Purpose of this Blog...

You may have noticed that not all books are equal in capturing children's imaginations and in cultivating those innocent, tender souls. My goal is to help you find the ones that do!
(Painting by Mary Cassatt: "Mrs Cassatt Reading to her Grandchildren" -1888)

Tuesday, July 12, 2011

Happy Birthday to THE SECRET GARDEN - 2011 is its Centennial Year!

Did you know there is a REAL garden that inspired Frances Hodgson Burnett?
It is the kitchen garden of Great Maytham Hall, Rolvenden, in Kent, England, 
where she lived for ten years in the 1890's.  You can read about it HERE.

This year marks the 100th Anniversary of THE SECRET GARDEN, Frances Hodgson Burnett's beautiful story that has been a favorite of generations of girls (and boys) everywhere.  I loved the unfamiliar setting, wonderful characters, and riveting plot this book introduced me to as a child:  the lonely moors of Yorkshire, mysterious Misselthwaite Manor, a lost key to a hidden door, a tangled and abandoned garden, spoiled orphan Mary Lennox, her lonely Uncle Archibald, her hidden away-sickly-cousin-Colin, and kindhearted Dicken.

And of course, who can forget her little friend, the Robin...

"She stopped and listened to him and somehow his cheerful, friendly little whistle gave her a pleased feeling--even a disagreeable little girl may be lonely, and the big closed house and big bare moor and big bare gardens had made this one feel as if there was no one left in the world but herself. If she had been an affectionate child, who had been used to being loved, she would have broken her heart, but even though she was "Mistress Mary Quite Contrary" she was desolate, and the bright-breasted little bird brought a look into her sour little face which was almost a smile. She listened to him until he flew away. He was not like an Indian bird and she liked him and wondered if she should ever see him again. Perhaps he lived in the mysterious garden and knew all about it."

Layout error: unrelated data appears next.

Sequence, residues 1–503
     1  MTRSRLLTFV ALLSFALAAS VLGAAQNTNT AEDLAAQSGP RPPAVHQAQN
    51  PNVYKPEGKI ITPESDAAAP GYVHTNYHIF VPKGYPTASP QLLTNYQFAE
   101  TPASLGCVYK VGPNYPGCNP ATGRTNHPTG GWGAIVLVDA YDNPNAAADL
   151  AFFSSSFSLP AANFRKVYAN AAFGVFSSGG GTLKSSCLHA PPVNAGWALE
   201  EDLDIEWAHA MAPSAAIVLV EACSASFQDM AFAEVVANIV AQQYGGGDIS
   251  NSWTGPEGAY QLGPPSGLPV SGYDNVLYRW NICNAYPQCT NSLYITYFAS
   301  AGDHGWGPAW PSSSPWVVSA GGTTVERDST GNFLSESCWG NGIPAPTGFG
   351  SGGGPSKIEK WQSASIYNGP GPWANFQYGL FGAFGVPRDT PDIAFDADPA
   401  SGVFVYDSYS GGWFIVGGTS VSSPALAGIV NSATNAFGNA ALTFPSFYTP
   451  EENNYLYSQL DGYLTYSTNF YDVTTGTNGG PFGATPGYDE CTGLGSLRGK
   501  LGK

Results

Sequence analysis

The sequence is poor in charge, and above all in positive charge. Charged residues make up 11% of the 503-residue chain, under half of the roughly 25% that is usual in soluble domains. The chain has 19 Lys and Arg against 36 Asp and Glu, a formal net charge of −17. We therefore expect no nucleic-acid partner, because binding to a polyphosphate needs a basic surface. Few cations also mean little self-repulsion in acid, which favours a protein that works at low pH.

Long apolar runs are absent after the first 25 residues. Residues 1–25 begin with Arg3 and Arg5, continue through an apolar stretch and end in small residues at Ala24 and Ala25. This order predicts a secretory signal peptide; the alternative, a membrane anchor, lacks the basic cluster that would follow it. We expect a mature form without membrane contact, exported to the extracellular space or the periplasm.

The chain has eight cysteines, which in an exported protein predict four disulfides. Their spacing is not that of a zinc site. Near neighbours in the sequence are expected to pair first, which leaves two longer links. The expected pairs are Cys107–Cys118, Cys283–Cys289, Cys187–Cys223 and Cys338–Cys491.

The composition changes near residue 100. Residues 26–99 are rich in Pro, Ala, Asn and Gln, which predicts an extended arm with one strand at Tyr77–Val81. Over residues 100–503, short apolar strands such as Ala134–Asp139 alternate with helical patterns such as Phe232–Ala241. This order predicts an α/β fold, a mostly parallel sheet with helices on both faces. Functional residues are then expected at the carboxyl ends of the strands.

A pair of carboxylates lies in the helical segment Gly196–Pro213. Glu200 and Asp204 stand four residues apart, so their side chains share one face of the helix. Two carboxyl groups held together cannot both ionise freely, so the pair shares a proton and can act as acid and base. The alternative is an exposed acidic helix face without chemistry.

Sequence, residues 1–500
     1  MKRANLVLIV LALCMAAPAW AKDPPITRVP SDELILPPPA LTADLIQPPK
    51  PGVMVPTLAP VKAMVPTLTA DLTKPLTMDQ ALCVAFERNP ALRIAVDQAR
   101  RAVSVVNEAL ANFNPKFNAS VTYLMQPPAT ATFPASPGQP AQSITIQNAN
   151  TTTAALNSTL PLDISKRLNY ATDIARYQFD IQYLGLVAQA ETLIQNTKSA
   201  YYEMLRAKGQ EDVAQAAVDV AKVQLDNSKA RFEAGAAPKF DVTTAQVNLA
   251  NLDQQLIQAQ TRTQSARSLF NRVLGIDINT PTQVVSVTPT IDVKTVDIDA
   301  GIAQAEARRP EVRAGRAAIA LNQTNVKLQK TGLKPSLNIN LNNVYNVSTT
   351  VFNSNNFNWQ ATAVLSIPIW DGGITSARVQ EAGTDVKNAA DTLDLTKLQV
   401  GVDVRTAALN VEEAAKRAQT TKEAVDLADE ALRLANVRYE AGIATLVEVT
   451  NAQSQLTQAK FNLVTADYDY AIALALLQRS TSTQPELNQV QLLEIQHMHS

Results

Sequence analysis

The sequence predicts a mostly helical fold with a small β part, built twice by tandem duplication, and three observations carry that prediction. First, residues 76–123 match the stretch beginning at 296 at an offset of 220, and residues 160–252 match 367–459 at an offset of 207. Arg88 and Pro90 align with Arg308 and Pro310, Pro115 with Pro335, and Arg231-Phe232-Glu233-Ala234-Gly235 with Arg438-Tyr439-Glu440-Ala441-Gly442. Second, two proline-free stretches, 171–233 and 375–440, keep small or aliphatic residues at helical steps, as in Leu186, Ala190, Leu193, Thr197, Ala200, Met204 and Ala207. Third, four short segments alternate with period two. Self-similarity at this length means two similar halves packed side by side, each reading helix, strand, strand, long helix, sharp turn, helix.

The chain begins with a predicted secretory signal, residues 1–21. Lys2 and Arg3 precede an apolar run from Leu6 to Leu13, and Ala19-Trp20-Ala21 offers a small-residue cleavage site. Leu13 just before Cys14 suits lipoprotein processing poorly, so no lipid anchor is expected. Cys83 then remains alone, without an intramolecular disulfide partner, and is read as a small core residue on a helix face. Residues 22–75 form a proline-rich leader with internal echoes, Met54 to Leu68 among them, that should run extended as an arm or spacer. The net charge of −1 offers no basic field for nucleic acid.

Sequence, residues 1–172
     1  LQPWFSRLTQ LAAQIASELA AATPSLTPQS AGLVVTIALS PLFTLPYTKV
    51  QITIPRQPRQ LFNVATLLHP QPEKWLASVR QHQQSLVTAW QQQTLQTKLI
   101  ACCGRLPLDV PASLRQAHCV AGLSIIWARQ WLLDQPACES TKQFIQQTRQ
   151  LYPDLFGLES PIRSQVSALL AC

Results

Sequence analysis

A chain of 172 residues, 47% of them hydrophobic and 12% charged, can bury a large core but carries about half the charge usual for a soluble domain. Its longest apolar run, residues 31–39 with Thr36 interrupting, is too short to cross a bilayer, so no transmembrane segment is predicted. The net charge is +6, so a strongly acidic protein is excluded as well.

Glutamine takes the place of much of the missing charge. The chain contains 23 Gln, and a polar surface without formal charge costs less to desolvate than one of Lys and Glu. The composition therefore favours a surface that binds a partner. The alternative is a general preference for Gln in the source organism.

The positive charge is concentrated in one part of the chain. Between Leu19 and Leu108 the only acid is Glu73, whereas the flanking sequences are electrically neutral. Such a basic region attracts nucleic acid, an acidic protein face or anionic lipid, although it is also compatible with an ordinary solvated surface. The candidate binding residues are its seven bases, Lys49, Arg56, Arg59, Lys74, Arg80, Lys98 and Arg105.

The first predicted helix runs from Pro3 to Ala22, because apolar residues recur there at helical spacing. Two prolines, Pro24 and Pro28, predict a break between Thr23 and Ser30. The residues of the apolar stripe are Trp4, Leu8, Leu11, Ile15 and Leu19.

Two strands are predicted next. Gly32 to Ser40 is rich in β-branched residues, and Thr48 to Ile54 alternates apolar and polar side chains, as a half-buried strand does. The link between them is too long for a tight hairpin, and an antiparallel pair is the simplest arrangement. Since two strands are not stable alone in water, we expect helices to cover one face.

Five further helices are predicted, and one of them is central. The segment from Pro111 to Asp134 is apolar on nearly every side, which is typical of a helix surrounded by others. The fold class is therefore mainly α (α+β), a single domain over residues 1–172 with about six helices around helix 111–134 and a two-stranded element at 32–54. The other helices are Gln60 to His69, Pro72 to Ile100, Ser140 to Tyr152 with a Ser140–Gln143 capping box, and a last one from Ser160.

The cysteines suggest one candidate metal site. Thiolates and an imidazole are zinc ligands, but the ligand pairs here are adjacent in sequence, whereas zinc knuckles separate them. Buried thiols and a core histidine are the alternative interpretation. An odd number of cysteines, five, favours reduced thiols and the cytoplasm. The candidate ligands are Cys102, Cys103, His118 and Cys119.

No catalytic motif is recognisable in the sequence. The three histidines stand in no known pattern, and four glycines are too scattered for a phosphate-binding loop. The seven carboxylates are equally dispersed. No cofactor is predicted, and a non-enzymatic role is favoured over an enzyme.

At its heart, the story is about two "disagreeable" children, Mary Lennox and Colin Craven, who, while transforming a dead and forgotten garden, are equally transformed themselves, as they cultivate a deep and enduring friendship.  "Two things cannot be in one place.  Where you tend a rose, a thistle cannot grow."  The garden becomes a place of healing for them as well as for Colin's lonely father, Archibald.

Centenary Edition with over 70 illustrations
by Robert Ingpen.  
Centenary edition, illustrated by
Lauren Child, due out Sept. 2011.
This beautiful edition with
embroidered cover design by
Jillian Tamaki, is due out in October 2011

This was the edition that introduced me, as a child, to Burnett's THE SECRET GARDEN.  Beautifully illustrated by Tasha Tudor, it was first published in 1962.
Below is the first published edition of THE SECRET GARDEN, with illustrations by M.B. Kork, published in 1911 in its entirety (it had previously been published in serial format in American Magazine).
(photo courtesy of Project Gutenberg)
Another illustrator of an early edition
was Charles Robinson.

Illustrations by Inga Moore. 
 Graham Rust, illustrator.
Michael Hague's depictions.
JUST FOR FUN:  For any of you die-hard fans out there, take this SECRET GARDEN QUIZ and see how much you remember about this classic book!


  1. thanks for the link ;o)
    I love 'the secret garden' almost as much as alice... I have a copy with the illustrations of Inga Moore, I do Love her drawings very much, and the story is absolutly lovely...I can read it again and again ;o)
    I am also a big fan of tasha tudor, but I never saw her drawings in real...
    I do have a photobook of her garden...

  2. I'll have to see if I can get a copy for myself with Inga Moore's illustrations. Her depiction of the garden is lush! Tasha Tudor's are just very old fashioned and sweet - they bring back good memories for me... :)

  3. Inga Moore gets my vote, her work is delightful.

  4. This book somehow materialised in my bookshelf - I have no rememberance buying it and my then boy-friend when I found it said he didn't brought it to my house...
    I haven't read it by now but always when I come across it online I remember it - just wanted to share.